In these politically polarized times, Americans expect Republicans and Democrats to disagree on every detail right down to what day of the week it is. This is especially true in the posturing hurly-burly of the House, where members can appeal to the few select priorities of a gerrymandered district to win re-election.
So it’s remarkable and unexpected when any legislation exits a House committee with unanimous bipartisan support. It’s even more surprising when the legislation potentially threatens the status quo for established corporate interests—in this case information technology companies.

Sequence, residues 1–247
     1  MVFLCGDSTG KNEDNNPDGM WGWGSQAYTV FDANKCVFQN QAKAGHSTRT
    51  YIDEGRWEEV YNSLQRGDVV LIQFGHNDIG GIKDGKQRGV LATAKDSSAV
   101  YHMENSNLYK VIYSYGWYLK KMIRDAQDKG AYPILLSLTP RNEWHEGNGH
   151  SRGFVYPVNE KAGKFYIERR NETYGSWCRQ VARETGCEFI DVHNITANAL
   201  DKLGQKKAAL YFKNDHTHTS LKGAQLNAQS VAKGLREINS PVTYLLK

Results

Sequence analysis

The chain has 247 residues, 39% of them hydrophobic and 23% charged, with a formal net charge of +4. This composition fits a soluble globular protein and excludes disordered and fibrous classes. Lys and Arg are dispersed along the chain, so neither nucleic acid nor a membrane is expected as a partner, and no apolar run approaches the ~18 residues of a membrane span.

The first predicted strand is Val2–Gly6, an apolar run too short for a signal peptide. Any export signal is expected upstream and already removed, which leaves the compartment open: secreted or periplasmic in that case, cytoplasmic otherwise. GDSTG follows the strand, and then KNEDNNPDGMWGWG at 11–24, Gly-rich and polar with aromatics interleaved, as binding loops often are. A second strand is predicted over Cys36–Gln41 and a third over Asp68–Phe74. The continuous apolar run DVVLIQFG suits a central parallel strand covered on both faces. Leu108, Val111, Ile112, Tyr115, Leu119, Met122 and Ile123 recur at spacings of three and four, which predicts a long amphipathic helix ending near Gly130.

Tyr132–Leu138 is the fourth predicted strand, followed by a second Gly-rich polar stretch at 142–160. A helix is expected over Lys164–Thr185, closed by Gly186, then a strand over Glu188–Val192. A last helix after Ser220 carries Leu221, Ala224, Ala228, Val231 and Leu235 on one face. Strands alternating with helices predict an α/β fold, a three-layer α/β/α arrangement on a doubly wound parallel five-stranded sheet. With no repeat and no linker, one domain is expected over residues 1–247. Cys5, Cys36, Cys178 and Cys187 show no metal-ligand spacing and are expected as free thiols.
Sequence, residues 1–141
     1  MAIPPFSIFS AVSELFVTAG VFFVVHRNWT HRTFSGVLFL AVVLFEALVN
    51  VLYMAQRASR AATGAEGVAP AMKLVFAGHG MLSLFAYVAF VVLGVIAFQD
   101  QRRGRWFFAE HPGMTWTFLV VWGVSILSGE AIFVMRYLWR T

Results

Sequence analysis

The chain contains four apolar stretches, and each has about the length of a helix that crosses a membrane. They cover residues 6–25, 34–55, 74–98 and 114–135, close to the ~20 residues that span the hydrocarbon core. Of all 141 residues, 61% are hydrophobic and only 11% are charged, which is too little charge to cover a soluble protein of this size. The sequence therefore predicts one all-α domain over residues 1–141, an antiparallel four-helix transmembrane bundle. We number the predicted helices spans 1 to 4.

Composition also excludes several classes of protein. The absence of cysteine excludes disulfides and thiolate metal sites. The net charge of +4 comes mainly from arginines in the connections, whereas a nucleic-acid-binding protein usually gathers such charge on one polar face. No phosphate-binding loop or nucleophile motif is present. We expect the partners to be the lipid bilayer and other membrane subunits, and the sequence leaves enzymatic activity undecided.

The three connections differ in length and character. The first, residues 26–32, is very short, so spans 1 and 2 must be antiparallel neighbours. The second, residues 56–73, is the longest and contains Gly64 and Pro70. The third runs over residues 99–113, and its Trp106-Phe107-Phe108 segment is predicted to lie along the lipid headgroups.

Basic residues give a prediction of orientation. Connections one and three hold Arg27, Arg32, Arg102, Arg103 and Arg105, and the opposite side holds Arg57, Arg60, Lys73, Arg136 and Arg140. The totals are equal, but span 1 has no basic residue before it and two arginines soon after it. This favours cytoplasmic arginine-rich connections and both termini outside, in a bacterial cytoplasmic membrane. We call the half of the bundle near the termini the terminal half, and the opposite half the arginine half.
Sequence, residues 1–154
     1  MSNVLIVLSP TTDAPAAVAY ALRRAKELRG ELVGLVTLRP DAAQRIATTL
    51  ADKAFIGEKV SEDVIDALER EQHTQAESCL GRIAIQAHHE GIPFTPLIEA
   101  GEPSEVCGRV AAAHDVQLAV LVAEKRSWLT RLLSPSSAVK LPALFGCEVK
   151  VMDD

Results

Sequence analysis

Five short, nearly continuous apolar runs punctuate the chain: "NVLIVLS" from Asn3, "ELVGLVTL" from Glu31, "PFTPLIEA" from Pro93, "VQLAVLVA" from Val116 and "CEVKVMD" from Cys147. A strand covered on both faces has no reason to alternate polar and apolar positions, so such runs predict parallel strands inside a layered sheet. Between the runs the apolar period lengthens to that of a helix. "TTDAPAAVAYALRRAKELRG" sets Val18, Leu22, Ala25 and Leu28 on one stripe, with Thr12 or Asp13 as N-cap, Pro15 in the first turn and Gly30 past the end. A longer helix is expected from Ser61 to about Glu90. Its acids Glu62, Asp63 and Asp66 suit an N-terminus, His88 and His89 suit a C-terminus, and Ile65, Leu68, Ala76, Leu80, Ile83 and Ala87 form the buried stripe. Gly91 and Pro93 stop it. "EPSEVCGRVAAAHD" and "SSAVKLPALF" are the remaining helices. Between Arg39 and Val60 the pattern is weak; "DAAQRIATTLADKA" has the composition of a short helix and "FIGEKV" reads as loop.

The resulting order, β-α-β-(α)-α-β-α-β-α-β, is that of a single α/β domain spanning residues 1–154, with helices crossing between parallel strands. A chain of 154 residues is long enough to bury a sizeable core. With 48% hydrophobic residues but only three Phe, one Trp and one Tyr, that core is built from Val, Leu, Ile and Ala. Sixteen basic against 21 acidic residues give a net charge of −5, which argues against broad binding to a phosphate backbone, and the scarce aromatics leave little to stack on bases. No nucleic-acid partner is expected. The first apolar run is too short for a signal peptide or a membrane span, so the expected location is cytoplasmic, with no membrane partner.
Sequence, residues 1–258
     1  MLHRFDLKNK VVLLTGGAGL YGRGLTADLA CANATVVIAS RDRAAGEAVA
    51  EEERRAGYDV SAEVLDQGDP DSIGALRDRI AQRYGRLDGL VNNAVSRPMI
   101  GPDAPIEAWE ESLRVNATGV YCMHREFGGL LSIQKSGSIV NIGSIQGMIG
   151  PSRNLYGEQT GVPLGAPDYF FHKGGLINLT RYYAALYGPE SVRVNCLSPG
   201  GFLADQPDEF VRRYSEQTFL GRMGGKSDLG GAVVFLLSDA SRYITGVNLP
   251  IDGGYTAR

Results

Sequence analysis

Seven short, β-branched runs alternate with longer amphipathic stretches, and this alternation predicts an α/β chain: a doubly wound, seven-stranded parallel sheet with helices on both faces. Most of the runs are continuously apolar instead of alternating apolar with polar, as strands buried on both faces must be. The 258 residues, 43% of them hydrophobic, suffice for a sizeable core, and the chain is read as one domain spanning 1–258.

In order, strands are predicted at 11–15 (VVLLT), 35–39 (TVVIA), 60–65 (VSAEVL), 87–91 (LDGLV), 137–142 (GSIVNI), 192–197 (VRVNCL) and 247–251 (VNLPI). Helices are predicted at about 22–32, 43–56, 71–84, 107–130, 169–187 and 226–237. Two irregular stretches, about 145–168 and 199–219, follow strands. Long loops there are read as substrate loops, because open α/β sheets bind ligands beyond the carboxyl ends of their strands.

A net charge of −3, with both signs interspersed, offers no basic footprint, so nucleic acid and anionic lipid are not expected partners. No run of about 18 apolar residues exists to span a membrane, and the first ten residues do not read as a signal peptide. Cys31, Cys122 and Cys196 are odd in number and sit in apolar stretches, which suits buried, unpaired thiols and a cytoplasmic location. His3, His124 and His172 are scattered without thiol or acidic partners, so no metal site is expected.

The Federal Information Technology Acquisition Reform Act (FITAR)—sponsored by California Republican Darrell Issa along with Virginia Democrat Gerry Connolly, and supported by every member of the House Oversight and Government Reform Committee—threatens to put open-source software on par with proprietary by labeling it a “commercial item” in federal procurement policies. The proposal wouldn’t give open source a privileged position, just an equal one.